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Series

Discrimination

Labor and Employment Law

2009

Articles 1 - 3 of 3

Full-Text Articles in Law

Making Good On Good Intentions: The Critical Role Of Motivation In Reducing Implicit Workplace Discrimination, Katharine T. Bartlett Jan 2009

Making Good On Good Intentions: The Critical Role Of Motivation In Reducing Implicit Workplace Discrimination, Katharine T. Bartlett

Faculty Scholarship

Discrimination in today’s workplace is largely implicit, making it ambiguous and often very difficult to prove. Employment discrimination scholars have proposed reforms of Title VII to make implicit discrimination easier to establish in court and to expand the kinds of situations to which liability attaches. The reform proposals reflect a broad consensus that strong legal norms are crucial to addressing the problem. Yet it is mistaken to assume that strengthening plaintiffs’ hands in implicit discrimination cases will necessarily achieve the long-term goal of reducing its occurrence. This Article brings together several strands of social science research showing that (1 ...


How The New Economics Can Improve Employment Discrimination Law, And How Economics Can Survive The Demise Of The Rational Actor, Scott A. Moss, Peter H. Huang Jan 2009

How The New Economics Can Improve Employment Discrimination Law, And How Economics Can Survive The Demise Of The Rational Actor, Scott A. Moss, Peter H. Huang

Articles

Much employment discrimination law is premised on a purely money-focused "reasonable" employee, the sort who can be made whole with damages equal to lost wages, and who does not hesitate to challenge workplace discrimination. This type of "rational" actor populated older economic models but has been since modified by behavioral economics and research on happiness. Behavioral and traditional economists alike have analyzed broad employment policies, such as the wisdom of discrimination statutes, but the devil is in the details of employment law. On the critical damages-and-liability issues the Supreme Court and litigators face regularly, the law essentially ignores the lessons ...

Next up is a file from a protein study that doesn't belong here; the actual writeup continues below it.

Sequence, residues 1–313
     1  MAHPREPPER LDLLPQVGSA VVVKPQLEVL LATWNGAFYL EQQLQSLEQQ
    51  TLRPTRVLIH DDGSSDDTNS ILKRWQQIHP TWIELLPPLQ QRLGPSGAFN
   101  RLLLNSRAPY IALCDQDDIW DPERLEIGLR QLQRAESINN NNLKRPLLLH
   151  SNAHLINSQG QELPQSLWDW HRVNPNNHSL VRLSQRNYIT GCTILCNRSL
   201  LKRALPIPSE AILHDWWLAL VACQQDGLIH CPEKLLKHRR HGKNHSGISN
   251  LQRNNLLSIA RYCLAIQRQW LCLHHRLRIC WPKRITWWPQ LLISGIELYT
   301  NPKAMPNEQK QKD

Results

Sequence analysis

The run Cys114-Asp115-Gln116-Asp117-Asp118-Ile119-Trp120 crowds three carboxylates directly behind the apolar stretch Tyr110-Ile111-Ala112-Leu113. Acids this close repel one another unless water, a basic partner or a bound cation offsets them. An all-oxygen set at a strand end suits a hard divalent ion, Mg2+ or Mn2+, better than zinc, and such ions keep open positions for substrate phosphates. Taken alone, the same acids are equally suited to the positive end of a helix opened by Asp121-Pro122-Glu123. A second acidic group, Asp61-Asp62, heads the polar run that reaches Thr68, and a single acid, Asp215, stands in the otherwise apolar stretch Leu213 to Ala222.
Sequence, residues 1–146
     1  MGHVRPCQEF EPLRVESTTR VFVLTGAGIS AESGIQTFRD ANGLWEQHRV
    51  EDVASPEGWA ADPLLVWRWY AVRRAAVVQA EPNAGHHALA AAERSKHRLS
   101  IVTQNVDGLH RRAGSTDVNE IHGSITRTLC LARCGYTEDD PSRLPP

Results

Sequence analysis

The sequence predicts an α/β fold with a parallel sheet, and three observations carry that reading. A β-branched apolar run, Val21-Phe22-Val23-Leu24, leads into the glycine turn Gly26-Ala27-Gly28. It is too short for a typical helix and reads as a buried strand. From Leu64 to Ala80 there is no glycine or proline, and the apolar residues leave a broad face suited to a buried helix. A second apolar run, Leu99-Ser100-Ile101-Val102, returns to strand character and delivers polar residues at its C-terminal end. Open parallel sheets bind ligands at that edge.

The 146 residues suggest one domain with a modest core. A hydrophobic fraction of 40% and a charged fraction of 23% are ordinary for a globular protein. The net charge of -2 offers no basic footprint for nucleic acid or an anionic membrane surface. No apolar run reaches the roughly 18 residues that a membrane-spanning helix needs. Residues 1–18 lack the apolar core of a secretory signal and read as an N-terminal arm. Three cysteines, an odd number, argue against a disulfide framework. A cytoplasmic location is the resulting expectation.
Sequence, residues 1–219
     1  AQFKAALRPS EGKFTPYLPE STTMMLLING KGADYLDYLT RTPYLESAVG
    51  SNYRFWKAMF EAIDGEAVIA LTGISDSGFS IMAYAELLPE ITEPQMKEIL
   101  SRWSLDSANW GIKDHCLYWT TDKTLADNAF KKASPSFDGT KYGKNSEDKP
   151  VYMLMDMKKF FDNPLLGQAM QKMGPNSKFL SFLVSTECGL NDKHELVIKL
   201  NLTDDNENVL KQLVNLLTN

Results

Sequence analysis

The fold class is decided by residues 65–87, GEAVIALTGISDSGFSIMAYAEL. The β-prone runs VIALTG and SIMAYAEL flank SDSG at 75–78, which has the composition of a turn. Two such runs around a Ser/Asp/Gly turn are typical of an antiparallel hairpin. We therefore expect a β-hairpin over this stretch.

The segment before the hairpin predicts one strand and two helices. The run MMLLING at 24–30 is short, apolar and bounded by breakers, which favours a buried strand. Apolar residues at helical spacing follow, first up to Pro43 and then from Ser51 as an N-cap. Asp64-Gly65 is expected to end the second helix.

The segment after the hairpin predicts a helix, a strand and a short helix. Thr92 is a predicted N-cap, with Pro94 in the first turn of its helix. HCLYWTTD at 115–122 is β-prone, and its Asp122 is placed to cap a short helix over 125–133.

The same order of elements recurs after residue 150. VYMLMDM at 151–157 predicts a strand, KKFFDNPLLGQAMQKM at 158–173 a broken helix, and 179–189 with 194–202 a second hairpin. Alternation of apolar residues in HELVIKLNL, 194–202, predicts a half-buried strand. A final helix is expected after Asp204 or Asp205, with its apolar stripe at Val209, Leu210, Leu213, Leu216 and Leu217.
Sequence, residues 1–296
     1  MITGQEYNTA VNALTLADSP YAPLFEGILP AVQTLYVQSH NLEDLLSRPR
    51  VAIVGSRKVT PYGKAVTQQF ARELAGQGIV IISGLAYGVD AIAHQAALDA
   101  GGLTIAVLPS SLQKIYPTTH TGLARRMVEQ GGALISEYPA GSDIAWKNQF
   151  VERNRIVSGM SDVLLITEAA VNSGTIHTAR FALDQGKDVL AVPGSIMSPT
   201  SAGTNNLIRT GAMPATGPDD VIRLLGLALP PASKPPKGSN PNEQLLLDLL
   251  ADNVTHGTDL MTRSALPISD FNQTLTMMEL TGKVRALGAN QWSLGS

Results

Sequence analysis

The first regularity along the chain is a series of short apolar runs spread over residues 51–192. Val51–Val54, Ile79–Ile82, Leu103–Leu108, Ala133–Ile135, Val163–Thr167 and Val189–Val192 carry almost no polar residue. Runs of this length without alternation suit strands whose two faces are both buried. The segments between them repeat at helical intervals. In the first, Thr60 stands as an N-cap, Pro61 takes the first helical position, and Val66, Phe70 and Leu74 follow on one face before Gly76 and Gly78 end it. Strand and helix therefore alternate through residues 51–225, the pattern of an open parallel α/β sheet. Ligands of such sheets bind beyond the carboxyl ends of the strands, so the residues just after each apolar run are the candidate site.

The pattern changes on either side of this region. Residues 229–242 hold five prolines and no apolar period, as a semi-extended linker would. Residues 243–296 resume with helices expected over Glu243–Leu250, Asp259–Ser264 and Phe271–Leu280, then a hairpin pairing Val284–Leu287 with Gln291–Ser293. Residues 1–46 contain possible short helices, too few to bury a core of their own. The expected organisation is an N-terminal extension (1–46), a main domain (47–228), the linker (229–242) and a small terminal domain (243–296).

The Future Of American Labor And Employment Law: Hopes, Dreams, And Realities, Theodore J. St. Antoine Jan 2009

The Future Of American Labor And Employment Law: Hopes, Dreams, And Realities, Theodore J. St. Antoine

Articles

In many respects the US is a deeply conservative country. Unique among the major industrial democracies of the world, it imposes the death penalty, provides no national health insurance, fixes a high legal drinking age, and subscribes to the doctrine of employment at will. Perhaps not surprisingly, its labor movement is also one of the most conservative on earth, eschewing class warfare and aiming largely at the bread-and-butter goal of improved wages, benefits, and working conditions. Yet American employers have generally never been as accepting of unionization as their counterparts in other countries (Bok 1971; Freeman and Medoff 1984). Over ...